Janet Harmon Bragg is not a common household name but most of us can experience the essence of her story.
Mrs. Bragg was born in 1907 in Atlanta and was raised to believe “if Jack can do it, Jill can do it, too.” Mrs. Bragg received a nursing degree from Spelman, moved to Chicago, and became a nursing supervisor and then a health inspector. But, in the then home of Black Aviation (Chicago), Mrs. Bragg yearned to fly.
She did all the right things. She was the first Black woman enrolled in a grounds school of flying, earned two pilots’ licenses and purchased a plan, but was denied entry as a WW II Women’s Auxiliary Service pilot because of her race.
Despite her disappointment, Mrs. Bragg earned a commercial flying license. She denied the opportunity to fly commercially because, at that time, those paid opportunities did not exist for African-American pilots.
All the right credentials and experiences couldn’t get her to make a living soaring through the air. Seemingly, her dream and passion were grounded.
Later, an opportunity arose for Mrs. Bragg to purchase an apartment building that she converted into a recovery home for patients receiving public assistance. Another opportunity came and she went on to provide nursing care in a 22 room mansion that also housed students visiting from Ethiopia.
In 1955, the nurse by trade and the pilot by passion was a three-month personal guest of Ethiopian Emperor Haile Selassie.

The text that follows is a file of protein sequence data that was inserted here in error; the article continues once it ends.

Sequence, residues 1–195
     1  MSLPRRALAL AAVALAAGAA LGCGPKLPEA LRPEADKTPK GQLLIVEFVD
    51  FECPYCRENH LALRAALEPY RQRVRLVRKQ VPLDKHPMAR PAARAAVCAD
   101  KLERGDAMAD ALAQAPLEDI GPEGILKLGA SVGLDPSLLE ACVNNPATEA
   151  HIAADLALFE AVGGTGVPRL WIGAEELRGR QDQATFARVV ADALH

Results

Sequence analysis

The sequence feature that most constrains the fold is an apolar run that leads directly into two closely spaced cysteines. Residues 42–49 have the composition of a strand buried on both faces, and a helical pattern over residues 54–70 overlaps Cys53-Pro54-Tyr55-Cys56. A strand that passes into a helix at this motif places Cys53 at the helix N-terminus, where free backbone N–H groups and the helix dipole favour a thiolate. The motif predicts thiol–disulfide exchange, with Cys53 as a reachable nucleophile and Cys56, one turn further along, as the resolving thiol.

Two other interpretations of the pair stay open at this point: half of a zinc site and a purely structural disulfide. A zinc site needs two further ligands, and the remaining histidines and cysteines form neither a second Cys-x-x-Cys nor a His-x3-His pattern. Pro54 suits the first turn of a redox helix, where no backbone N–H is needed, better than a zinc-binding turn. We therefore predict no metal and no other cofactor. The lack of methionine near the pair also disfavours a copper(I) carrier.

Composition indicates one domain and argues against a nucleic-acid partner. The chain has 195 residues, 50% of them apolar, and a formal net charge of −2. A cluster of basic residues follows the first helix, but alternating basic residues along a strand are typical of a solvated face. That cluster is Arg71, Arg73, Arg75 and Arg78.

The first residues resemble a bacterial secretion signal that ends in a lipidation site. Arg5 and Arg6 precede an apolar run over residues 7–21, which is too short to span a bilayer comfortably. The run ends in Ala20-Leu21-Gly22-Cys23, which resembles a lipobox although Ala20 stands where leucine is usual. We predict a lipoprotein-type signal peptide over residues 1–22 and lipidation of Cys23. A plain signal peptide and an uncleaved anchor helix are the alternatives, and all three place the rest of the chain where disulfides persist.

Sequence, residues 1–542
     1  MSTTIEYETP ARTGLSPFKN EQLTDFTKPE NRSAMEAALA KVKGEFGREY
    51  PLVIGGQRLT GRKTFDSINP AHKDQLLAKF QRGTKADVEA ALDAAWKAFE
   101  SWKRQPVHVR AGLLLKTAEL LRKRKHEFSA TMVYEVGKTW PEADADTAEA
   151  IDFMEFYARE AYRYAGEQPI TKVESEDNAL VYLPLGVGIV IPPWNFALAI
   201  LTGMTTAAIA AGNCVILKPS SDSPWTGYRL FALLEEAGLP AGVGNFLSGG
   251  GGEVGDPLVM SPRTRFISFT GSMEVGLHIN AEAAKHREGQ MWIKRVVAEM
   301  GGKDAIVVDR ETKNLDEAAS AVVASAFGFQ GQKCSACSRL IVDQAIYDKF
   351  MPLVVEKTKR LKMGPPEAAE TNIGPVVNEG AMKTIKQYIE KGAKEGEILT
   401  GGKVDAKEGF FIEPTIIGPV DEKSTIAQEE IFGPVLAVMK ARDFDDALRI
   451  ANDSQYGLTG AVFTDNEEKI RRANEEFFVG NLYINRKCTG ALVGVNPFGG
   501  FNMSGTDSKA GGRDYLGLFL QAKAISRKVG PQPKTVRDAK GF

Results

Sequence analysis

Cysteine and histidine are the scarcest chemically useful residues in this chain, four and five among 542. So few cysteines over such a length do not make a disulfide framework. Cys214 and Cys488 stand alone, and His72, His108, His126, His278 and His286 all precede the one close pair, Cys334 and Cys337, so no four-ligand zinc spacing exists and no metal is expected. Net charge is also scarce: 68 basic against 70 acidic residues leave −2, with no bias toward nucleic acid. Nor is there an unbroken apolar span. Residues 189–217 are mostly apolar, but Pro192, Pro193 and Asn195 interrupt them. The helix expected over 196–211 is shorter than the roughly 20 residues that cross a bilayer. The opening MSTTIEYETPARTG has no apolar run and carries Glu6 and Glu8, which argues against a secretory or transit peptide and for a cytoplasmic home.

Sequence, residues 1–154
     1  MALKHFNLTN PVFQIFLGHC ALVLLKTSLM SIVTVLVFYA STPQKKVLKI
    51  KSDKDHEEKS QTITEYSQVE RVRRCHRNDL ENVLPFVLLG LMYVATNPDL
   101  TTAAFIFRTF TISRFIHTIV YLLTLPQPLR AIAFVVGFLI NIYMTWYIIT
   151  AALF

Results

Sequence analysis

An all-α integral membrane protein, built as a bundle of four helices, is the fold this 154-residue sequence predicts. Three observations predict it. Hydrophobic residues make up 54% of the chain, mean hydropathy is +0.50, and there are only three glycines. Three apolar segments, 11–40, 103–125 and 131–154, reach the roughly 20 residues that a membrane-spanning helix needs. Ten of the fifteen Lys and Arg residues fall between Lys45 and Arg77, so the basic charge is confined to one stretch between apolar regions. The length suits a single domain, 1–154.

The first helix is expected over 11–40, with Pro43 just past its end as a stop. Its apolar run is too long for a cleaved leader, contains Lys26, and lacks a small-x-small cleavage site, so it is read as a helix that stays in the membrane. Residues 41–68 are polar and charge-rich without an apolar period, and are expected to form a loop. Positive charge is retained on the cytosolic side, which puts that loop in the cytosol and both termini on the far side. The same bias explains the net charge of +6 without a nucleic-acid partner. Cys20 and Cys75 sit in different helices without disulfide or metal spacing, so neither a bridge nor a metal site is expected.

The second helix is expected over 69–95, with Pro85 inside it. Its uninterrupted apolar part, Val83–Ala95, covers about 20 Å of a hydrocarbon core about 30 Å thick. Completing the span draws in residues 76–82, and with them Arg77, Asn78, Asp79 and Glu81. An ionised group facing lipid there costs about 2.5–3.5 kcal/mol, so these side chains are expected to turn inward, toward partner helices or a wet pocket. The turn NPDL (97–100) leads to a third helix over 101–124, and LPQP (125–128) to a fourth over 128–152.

While Mrs. Bragg may have dreamed to be in the clouds, her story shows that with coming through disappointment, opportunities and untapped talents can travel and form in emotional and physical places never before imagined. While her physical plane was grounded, Mrs. Bragg allowed other dreams to soar.
Opportunities can bring forth multiples dreams.
In “Dreams,” Langston Hughes wrote:
Hold fast to dreams
For if dreams die
Life is a broken-winged bird
That cannot fly.
Hold fast to dreams
For when dreams go
Life is a barren field
Frozen with snow.
Call our to your DreamS, not Dream. Keep Soaring!Learn More
In my professional and personal opinion, New Year Resolutions stink. What does one resolve, anyway? I know I won’t gain any new age, spiritually balanced friends when I poo-poo the desire to awaken the inner me by striving to reach new heights through carefully constructed goals usually listed in some downloaded app.
In my experience, my resolutions are my rehashed and tweaked attempts at having a New Life and call it, Me 2.0. Here’s my secret: after 22 1/2 or so attempts, I haven’t met Me 2.0. I’m still in my original packaging. On January 1, I’m determined to dress this package in pretty bows, but by by mid February, the bows wilt and I start my journey of self acceptance (read: the lies I tell myself to justify giving up my goals).
What’s going to be new this year? Instead of action plans and buddy systems, I’m going to try my hand at CONSISTENCY and OWNERSHIP. I think that’s really at the center of what makes my goal a success or failure. Consistently own that I have things I would like to address and regardless if it’s a new year, new month or new day, I have to consistently own and grow from what I SAY is important to I MUST DO what is important.Learn More